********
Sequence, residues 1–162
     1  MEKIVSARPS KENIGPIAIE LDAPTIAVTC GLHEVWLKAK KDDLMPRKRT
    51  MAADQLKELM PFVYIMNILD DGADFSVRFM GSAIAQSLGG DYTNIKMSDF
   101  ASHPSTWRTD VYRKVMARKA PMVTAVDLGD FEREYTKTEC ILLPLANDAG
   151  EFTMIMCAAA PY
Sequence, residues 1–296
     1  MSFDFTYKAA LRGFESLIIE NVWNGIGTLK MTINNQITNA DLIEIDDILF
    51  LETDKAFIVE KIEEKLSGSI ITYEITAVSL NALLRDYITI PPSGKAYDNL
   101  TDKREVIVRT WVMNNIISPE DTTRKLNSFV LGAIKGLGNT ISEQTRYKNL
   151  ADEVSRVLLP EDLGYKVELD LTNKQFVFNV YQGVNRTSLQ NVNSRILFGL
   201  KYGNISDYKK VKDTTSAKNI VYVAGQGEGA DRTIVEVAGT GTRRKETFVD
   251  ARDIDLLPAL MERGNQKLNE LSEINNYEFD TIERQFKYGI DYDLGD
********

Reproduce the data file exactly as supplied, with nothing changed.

Sequence, residues 1–162
     1  MEKIVSARPS KENIGPIAIE LDAPTIAVTC GLHEVWLKAK KDDLMPRKRT
    51  MAADQLKELM PFVYIMNILD DGADFSVRFM GSAIAQSLGG DYTNIKMSDF
   101  ASHPSTWRTD VYRKVMARKA PMVTAVDLGD FEREYTKTEC ILLPLANDAG
   151  EFTMIMCAAA PY
Sequence, residues 1–296
     1  MSFDFTYKAA LRGFESLIIE NVWNGIGTLK MTINNQITNA DLIEIDDILF
    51  LETDKAFIVE KIEEKLSGSI ITYEITAVSL NALLRDYITI PPSGKAYDNL
   101  TDKREVIVRT WVMNNIISPE DTTRKLNSFV LGAIKGLGNT ISEQTRYKNL
   151  ADEVSRVLLP EDLGYKVELD LTNKQFVFNV YQGVNRTSLQ NVNSRILFGL
   201  KYGNISDYKK VKDTTSAKNI VYVAGQGEGA DRTIVEVAGT GTRRKETFVD
   251  ARDIDLLPAL MERGNQKLNE LSEINNYEFD TIERQFKYGI DYDLGD